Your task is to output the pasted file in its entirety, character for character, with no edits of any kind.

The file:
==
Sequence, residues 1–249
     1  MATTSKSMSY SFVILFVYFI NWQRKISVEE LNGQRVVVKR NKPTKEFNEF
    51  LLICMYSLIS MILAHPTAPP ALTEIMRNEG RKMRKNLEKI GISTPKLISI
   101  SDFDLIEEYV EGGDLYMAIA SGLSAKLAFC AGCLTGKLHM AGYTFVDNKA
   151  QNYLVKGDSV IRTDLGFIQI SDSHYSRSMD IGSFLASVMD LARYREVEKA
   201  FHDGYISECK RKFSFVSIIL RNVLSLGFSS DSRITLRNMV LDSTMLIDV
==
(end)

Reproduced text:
Sequence, residues 1–249
     1  MATTSKSMSY SFVILFVYFI NWQRKISVEE LNGQRVVVKR NKPTKEFNEF
    51  LLICMYSLIS MILAHPTAPP ALTEIMRNEG RKMRKNLEKI GISTPKLISI
   101  SDFDLIEEYV EGGDLYMAIA SGLSAKLAFC AGCLTGKLHM AGYTFVDNKA
   151  QNYLVKGDSV IRTDLGFIQI SDSHYSRSMD IGSFLASVMD LARYREVEKA
   201  FHDGYISECK RKFSFVSIIL RNVLSLGFSS DSRITLRNMV LDSTMLIDV